If there’s one thing people haven’t said about marketing, it’s the fact that it can fail spectacularly. The damage can be so significant it can hurt the business in so many ways.
That’s why the company’s definition of marketing should go beyond press releases, publicity, and even brand building. It must also include brand reputation management because, whether they like it or not, bad things can come out of campaigns sometimes. Without salvaging their credibility, rebounding may be difficult, if not impossible.
To illustrate the importance of it, let’s talk about Pepsi’s biggest marketing disaster to date: the Number Fever.
The setting was the Philippines, a tiny archipelago in Southeast Asia. The year was sometime in the early 1990s. As Bloomberg said about the incident, America’s influence in the Filipino’s lives is deep. That includes their decision on what to drink.
Back then, at least two US soda brands tried to capture the growing market: Coca-Cola and Pepsi. Between the two, though, the former had the upper hand with its cheaper pricing and good marketing strategy.
By the time the 1980s and martial law ended in the country, the beverage that started in Atlanta had won the Filipinos by a landslide. It held at least 80 percent of the market, so much so that it didn’t need to advertise.
In other words, the burden of converting the market was on Pepsi. And it did by appealing to the one thing that the people desired, which was money.
The Philippines isn’t as rich as other Southeast Asian nations. According to the Borgen Project, at least 16 percent of its population is under the poverty line. That’s about 17 million Filipinos. It is not unusual for low-income households to earn only $3 a day.
But it was much worse during the Marcos era, which ran from the 1960s to the mid-1980s. According to Philippine Star’s report, poverty in the 1960s was 42 percent. It rose to 52 percent during 1971.
When the Marcos family left, fewer people were considered poor. However, the percentage at 26.6 in 2006 was still considerably higher than in the 2010s.
One can imagine then how much Filipinos desired higher income and some cash to get by. Pepsi capitalized on that by launching the Number Fever.
The concept was simple. Each cap of a bottle of Pepsi, Mirinda, and Mountain Dew would feature a number the owner could redeem for an amount ranging from 100 pesos (about $2, as of June 2021) to 1 million pesos ($20,000, as of June 2021). At that time, these figures were already huge. Pepsi would then announce the winning number every night.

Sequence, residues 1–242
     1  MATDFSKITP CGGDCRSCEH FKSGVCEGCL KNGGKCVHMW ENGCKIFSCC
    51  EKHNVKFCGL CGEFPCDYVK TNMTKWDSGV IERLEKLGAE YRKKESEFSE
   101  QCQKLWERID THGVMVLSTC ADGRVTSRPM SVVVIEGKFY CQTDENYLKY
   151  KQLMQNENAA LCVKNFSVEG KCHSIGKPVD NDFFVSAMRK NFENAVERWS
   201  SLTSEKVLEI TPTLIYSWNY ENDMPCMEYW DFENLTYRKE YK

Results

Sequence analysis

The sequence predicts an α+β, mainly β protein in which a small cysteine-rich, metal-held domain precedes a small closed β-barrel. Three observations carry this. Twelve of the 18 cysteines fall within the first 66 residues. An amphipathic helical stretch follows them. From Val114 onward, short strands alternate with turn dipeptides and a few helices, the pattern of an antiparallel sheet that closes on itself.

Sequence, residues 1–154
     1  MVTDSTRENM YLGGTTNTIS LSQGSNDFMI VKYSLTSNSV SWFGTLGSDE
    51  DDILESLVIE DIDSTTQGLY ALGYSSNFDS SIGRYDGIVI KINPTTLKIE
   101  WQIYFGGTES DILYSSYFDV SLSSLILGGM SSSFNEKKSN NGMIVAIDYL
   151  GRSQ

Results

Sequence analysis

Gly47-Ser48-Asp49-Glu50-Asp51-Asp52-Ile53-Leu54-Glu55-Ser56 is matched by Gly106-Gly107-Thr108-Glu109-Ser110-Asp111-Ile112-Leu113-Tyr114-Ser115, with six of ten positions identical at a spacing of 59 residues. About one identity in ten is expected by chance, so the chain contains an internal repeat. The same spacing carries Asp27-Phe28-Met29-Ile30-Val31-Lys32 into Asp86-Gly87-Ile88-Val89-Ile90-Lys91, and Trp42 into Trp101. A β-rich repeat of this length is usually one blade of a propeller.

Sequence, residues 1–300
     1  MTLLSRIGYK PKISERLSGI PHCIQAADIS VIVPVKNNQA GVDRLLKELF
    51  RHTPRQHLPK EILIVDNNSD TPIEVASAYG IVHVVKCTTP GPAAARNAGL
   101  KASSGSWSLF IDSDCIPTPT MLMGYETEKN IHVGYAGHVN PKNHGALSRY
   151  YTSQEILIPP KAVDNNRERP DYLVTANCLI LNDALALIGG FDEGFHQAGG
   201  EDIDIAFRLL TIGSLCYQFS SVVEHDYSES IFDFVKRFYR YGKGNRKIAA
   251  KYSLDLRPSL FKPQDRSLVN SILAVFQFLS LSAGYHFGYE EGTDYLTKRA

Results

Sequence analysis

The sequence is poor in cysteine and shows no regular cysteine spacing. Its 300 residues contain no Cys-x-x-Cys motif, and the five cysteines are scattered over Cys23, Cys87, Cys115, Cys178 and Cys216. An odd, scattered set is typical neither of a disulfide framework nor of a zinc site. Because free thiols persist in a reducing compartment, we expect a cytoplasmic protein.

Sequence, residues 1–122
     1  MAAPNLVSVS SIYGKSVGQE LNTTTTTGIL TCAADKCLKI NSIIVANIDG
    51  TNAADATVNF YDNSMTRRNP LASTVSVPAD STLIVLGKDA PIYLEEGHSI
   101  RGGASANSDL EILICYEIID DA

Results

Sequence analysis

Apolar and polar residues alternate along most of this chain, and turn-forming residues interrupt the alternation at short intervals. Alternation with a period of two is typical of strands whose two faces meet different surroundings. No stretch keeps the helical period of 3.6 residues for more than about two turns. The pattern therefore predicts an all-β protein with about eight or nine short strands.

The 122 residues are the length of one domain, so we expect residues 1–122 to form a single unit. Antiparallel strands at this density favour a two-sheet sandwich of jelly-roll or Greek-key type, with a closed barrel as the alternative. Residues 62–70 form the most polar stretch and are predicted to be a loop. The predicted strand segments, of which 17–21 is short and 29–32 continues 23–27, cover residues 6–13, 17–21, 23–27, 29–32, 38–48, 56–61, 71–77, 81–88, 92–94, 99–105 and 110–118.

The Tragic Error
Number Fever became a hit that Pepsi once claimed that half of the population participated in the marketing campaign. Then May 25 happened.
On this night, a TV show announced that the number combination 3-4-9 won the grand prize. Pepsi back then expected two bottle caps with security codes contained the number. They were wrong. A mechanical error printed not just two or five but over 500,000 bottle caps bearing the same number. Should have Pepsi honored all of them, it could have cost the company a staggering $32 billion.
Obviously, Pepsi didn’t want to acknowledge all the claims, and that’s when pandemonium started. Riots erupted, trucks of Pepsi burned, and a few Filipinos died. Several crown holders filed a mountain of lawsuits against the company.
The Lessons of Branding
By the time the fiasco ended, Pepsi’s reputation was in tatters. Sales plummeted fast while their spending to quell the protests and boycotts rose from $2 million to $240 million.
Since then, Pepsi went back to a far second to Coca-Cola. However, despite the controversy, which others dubbed as the company’s worst marketing failure, it rebounded. The questions are how and why.
First, even before Pepsi entered the Philippine market, it has already built a credible reputation. It positioned itself well as both an American brand and a strong competitor against Coca-Cola. In other words, its quality is comparable to the leading brand.
Second, Pepsi committed a few serious lapses in handling the scandal. For example, to remedy the mistake, it tried to announce a different winning combination. It only added to the confusion, anger, and frustration.
However, it also successfully comforted a good number of Filipinos when it shifted the blame on a mechanical error. Regardless of how much anger a person experiences, it’s hard to fight something that appeared to be an accident than a malicious decision.
Further, the company offered between $18 and $20 to cap holders as a “goodwill gesture” as long as they redeemed the amounts on or before June 12. Thousands took advantage of that.
Third, Pepsi didn’t run away from its legal obligations, although the battles were tense and sometimes felt like a “David and Goliath” scenario. They faced the government investigation and won the Supreme Court ruling, which cleared them of any liability to the crown holders.
Pepsi didn’t emerge from it unscathed, but the most important thing is it bounced back quickly, partly thanks to a solid brand reputation management.